CANCUN, Mexico, December 5, 2016 (ENS) – Much of Mexico’s Caribbean coast, Baja coast and deep ocean are to become protected areas, President Enrique Peña Nieto announced Monday at the opening of the 13th Conference of the Parties (COP 13) to the UN Convention on Biological Diversity being held in Cancun this week and next.
The President signed a decree creating three new marine biosphere reserves, on the occasion of hosting COP13. Ministers and delegates from over 190 countries are attending the conference.
Ensenada, Mexico. December 5, 2016. The President of Mexico, Enrique Peña Nieto, today established the 2.7 million acre Islands of the Pacific Biosphere Reserve just offshore of the Pacific Coast of the Baja California Peninsula. This new federal reserve includes 21 islands that are often referred to as the “Galapagos of Mexico” and protects the marine areas around the islands that are habitat for marine mammals, seabirds, and commercially valuable species of fish and shellfish.
“The Islands of the Pacific Biosphere Reserve, that includes the Coronado and Todos Santos Islands off of Tijuana and Ensenada and just south of San Diego, provide habitat for a variety of species that do not exist in any other part of the world,” said Dr. Serge Dedina, Executive Director of WILDCOAST. “In total, this new reserve is home to 50 percent more endemic species of vertebrates and plants per unit of surface area than the Galápagos Islands.”
Last week, a WILDCOAST team traveled to Puerto San Carlos in the community of Magdalena Bay. After three hours on the road surrounded by nothing other than cardon cacti, we arrived at our destination. As you enter Puerto San Carlos, you are welcomed by a sea of mangroves that surround the community, and you are instantly wowed.
Magdalena Bay is the largest wetland in Baja California and provides habitat for some of most pristine and biologically important mangroves in the world. Research has shown that coastal desert mangroves store up to five times more carbon than tropical mangroves.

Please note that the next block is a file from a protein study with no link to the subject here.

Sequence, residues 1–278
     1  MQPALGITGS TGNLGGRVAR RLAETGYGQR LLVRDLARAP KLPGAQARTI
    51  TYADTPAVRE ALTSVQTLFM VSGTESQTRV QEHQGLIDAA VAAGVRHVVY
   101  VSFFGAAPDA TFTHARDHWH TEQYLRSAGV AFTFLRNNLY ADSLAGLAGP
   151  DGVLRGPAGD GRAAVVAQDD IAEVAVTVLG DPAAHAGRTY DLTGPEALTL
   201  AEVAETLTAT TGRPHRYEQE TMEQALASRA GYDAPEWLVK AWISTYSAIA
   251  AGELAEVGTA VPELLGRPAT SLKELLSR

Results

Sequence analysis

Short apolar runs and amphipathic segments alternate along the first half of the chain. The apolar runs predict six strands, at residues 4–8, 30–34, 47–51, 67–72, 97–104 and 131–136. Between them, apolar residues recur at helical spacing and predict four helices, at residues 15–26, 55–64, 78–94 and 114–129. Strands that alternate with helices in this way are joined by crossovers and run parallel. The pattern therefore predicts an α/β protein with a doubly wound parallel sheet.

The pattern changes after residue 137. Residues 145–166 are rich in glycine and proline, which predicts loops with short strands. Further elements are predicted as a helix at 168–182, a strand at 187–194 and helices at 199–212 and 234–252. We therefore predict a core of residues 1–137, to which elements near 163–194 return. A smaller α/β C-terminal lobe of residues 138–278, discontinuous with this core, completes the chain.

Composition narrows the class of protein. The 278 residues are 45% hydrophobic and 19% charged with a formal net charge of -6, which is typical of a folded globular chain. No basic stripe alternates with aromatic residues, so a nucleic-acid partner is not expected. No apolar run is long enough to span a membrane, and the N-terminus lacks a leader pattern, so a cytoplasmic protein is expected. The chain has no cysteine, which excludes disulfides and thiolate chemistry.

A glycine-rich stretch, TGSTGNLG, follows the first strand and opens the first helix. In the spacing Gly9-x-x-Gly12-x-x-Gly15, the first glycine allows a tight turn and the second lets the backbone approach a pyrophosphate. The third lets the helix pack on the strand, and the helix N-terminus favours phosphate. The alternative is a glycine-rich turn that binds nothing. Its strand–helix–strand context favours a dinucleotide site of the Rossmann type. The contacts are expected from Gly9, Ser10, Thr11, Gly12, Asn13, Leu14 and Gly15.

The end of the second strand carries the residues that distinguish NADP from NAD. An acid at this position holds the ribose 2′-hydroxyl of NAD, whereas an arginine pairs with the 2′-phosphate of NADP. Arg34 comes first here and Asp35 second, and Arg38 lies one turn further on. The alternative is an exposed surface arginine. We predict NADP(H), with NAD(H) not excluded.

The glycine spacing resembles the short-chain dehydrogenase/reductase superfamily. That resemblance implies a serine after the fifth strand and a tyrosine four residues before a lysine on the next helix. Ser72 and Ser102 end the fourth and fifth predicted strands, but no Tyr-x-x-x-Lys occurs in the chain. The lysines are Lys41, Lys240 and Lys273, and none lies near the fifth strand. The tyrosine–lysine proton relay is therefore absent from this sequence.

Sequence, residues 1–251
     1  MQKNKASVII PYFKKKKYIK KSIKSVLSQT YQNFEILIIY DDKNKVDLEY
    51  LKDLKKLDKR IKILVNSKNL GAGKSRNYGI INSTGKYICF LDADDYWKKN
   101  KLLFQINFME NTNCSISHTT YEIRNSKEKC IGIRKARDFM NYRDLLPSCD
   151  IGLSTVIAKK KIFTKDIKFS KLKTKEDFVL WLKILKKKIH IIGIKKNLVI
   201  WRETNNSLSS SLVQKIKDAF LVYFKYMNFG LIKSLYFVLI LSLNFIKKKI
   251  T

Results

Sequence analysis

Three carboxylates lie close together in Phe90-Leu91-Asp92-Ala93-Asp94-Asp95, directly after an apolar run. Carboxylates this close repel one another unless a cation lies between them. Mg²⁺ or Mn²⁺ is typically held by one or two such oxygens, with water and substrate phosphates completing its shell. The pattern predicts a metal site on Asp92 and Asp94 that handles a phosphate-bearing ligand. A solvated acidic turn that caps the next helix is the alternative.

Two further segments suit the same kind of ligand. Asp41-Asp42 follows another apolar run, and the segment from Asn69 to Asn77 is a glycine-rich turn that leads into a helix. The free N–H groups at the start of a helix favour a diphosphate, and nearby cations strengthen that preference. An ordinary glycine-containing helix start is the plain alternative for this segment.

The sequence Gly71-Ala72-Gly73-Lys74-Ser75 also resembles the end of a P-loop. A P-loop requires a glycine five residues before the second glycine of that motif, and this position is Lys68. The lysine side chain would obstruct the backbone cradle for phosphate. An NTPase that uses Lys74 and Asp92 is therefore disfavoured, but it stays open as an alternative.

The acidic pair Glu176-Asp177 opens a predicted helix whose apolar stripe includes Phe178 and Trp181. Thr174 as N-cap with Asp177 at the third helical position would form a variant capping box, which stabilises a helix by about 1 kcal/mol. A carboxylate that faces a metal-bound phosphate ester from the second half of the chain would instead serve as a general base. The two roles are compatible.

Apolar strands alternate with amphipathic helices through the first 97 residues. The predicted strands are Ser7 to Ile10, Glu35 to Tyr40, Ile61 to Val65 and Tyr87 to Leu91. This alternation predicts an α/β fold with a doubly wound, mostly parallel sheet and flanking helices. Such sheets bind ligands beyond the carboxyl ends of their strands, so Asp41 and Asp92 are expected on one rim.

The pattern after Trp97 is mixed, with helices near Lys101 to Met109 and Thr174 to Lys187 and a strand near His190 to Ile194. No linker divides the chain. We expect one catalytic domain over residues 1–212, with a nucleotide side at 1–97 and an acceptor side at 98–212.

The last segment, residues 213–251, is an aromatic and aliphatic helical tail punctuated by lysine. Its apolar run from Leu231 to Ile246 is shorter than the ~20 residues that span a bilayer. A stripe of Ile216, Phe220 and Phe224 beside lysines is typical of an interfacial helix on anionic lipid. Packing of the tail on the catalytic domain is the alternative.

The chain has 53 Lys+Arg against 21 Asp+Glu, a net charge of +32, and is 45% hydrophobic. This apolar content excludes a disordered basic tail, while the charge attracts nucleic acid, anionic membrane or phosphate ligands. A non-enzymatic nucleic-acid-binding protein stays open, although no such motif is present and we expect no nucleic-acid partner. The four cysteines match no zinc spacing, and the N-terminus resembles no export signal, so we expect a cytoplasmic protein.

I am one of the ocean’s most fascinating creatures and can only be found in marine environments. I am a member of phylum Echinodermata (Ancient Greek: echinos – “hedgehog” derma – “skin”) and we are special in that we are not found in freshwater or terrestrial environments. Like my brothers and sisters, I also possess the unique ability to regenerate my spiny limbs lost to predators like seagulls and can detach my arms to act as a distraction while I make my escape. If I am cut in half, I have the ability to grow into 2 new starfish—pretty cool! When I’m not avoiding predators I’m on the lookout for my next meal, which generally consists of barnacles, snails, mussels, limpets, and pretty much anything else I can find. I feed a bit differently that other organisms, which in my case means that I can extend my stomach out into tiny cracks in my prey’s shell and digest the soft tissue found inside.
Why should humans care about me?
I am the single most important organism in kelp forest ecosystems. So important in fact, scientists named the entire ecosystem after me. I am uniquely adapted to thriving in nearshore rocky habitat that covers much of the benthos of San Diego county’s marine areas. Something that most people do not know about me is that I am not a plant but actually an algae. I differ from plants in many ways, but most noticeably I do not have roots. I have what is known as a holdfast, which I use as an anchor to secure themselves to the seafloor. As one of the fastest growing organisms on the planet, I have been recorded growing by as much as 2 feet a day and reaching sizes of 150 feet in a single growing season. As a primary producer, I provide nourishment for the entire southern California ecosystem and facilitate San Diego counties vast biodiversity.